Stephen Gill Pens Poetry For Personal Therapy

By Dr. Aksa Rao

About 300 years before Christ, Aristotle describes catharsis in his Poetics to show the impact of true tragedy on the audience. In the nineteenth century, Josef Breuer, the companion of Sigmund Freud, was the first to use Aristotelian concept in the realm of psychology. One template of catharsis is the use of a musical instrument for a tired person to feel relaxed. In literature, one example is Oedipus Rex in which Oedipus unknowingly marries his biological mother. Another example is Shakespeare’s Romeo and Juliet. It is often said that reading any work about murder or to see it on the television can be a healing therapy.

Aristotle, a Greek philosopher, who tutored Alexander the Great, is still considered a prominent thinker in politics, ethics and psychology and his theory of catharsis for personal therapy is still the focus of debates. Aristotle’s theory is linked with the elimination of traumatic experiences including fear, anxiety, anger, stress and other negative emotions, to achieve the state of liberation from them. This state of liberation is gained by expressing these unwanted emotions. Expression of pain acts as catharsis that means the purification or cleansing of emotions. This is the base of Dr. Anuradha Sharma’s views in Stephen Gill’s Poetry: A Panaroma of World Peace by Professor KV Dominic, released by Authors Press in 2010: “Many psychotherapists argue that Hitler wanted to be an artist, but was refused by an art school. Humanity would have avoided destruction if Hitler had been accepted as an art student.” (100). Carl Jung finds a close connection between poetry and psychology. He believes that a work of art impacts the psyche of the artist.

Impact on Stephen Gill’s art is clear from the usages of his subject and poetic techniques to convey his subconscious, unconscious and conscious messages by eliminating toxin elements from the mind. By dancing with words, Stephen Gill gains aesthetic values also. Stephen Gill’s poetry is tied with psychology. To evaluate and enjoy Stephen Gill’s poetry, it is important to know the environment in which he has spent his childhood and boyhood and that forced him to seek refuge in his poetry and abroad. This gives the color of autobiography to his writing.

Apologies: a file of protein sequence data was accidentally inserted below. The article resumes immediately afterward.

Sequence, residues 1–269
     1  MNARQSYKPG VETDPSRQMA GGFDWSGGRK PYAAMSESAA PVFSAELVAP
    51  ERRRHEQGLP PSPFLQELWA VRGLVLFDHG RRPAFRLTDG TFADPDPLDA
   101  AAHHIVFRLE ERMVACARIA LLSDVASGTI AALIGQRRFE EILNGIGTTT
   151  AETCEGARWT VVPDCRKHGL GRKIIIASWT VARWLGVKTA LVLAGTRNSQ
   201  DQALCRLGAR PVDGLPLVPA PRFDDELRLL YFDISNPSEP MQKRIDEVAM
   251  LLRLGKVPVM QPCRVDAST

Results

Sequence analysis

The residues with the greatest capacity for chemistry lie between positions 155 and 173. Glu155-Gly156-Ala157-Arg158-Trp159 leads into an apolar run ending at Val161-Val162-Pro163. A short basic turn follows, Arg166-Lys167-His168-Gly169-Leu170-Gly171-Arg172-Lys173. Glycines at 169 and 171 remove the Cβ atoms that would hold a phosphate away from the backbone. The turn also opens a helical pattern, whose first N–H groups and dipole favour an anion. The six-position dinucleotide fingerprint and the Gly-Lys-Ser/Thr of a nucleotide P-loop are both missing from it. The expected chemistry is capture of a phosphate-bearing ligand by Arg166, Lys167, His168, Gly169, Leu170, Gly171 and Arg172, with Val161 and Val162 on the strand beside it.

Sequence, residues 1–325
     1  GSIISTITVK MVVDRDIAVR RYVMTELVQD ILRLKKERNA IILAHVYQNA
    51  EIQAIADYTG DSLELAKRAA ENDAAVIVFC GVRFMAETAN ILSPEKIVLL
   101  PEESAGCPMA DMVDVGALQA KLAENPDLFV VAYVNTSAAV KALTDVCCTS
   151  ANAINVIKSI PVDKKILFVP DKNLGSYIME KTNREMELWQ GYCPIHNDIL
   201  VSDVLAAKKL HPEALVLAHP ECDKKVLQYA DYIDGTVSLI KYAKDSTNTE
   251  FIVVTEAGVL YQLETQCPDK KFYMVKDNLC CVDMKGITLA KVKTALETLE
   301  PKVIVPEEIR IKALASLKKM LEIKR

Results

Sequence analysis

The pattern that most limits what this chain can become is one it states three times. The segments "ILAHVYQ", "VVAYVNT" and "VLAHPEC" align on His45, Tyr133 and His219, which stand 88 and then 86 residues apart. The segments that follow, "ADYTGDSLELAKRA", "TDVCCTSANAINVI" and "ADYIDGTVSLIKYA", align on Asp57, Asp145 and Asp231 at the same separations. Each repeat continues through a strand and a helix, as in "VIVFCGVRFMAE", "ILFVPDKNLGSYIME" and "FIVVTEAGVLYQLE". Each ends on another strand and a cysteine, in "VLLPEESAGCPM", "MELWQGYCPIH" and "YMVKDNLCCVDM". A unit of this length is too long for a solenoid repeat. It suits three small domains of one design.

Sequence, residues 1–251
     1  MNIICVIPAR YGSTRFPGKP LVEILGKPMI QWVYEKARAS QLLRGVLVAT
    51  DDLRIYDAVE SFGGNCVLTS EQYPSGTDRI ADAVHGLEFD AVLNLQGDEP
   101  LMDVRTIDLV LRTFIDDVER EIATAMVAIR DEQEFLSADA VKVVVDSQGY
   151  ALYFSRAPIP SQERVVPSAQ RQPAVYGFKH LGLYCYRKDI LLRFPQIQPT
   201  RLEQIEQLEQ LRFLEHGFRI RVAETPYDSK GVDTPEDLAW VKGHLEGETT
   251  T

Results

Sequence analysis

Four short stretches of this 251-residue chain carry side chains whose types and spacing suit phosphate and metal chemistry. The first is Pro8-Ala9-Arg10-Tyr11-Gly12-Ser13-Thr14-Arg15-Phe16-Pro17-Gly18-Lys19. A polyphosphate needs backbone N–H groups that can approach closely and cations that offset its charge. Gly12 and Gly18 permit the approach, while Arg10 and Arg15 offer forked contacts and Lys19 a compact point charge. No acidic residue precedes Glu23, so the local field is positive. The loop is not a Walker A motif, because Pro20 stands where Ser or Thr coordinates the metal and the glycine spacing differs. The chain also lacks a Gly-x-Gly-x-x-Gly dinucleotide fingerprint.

Autobiographical color is evident from the poet’s tone. It is evident from his use of images, symbolic gestures and particularly from his use of the subject matter and the element of hope. To keep distance from his reader, he uses persona to establish his connection to purge his mind and psyche which are laden with the bitterness of the past in New Delhi. This compulsion for purge is the force that compels him to write. The result of this compulsion is catharsis that is the figurative cleansing of emotions. This relief is gained by writing about the tragic situations of others like in his poems “Refugee”, “Discriminators”, “Let us Hibernate” and several others from Songs Before Shrine, and “Me,” “Religious Fanatics,” “Terrorists”, and others from Shrine. Purgation or catharsis is clearly obvious in Stephen Gill’s modern epics The Flame and also in Amputee.

 The Flame, a modern epic, is about the destruction caused by maniac messiahs, an expression he uses for terrorists. The back of the book says that Stephen Gill wrote the Flame “to help others to be aware of the enemies of peace.” Stephen Gill’s another epic Amputee is about the sufferings of a sexually abused child. The back of this book says that “Dysfunctional families continue spreading the virus of indignities which pollute the atmosphere of peace. Parental education is a notable way to stop social and criminal viruses.” Personas in both these modern epics evidently represent the poet.

The bulk of Stephen Gill’s poetry is to get relief from the repressed feelings. This aspect of Stephen Gill’s poetry brings his writings closer to the view of Carl Jung who finds a close relations between poetry and psychology. Stephen Gill uses his poetic techniques to share his repressed emotions. Aristotle believes that catharsis leads to forgiveness and renewal. Stephen Gill’s use of unconditional love in his writings is to seek forgiveness in a healthy way.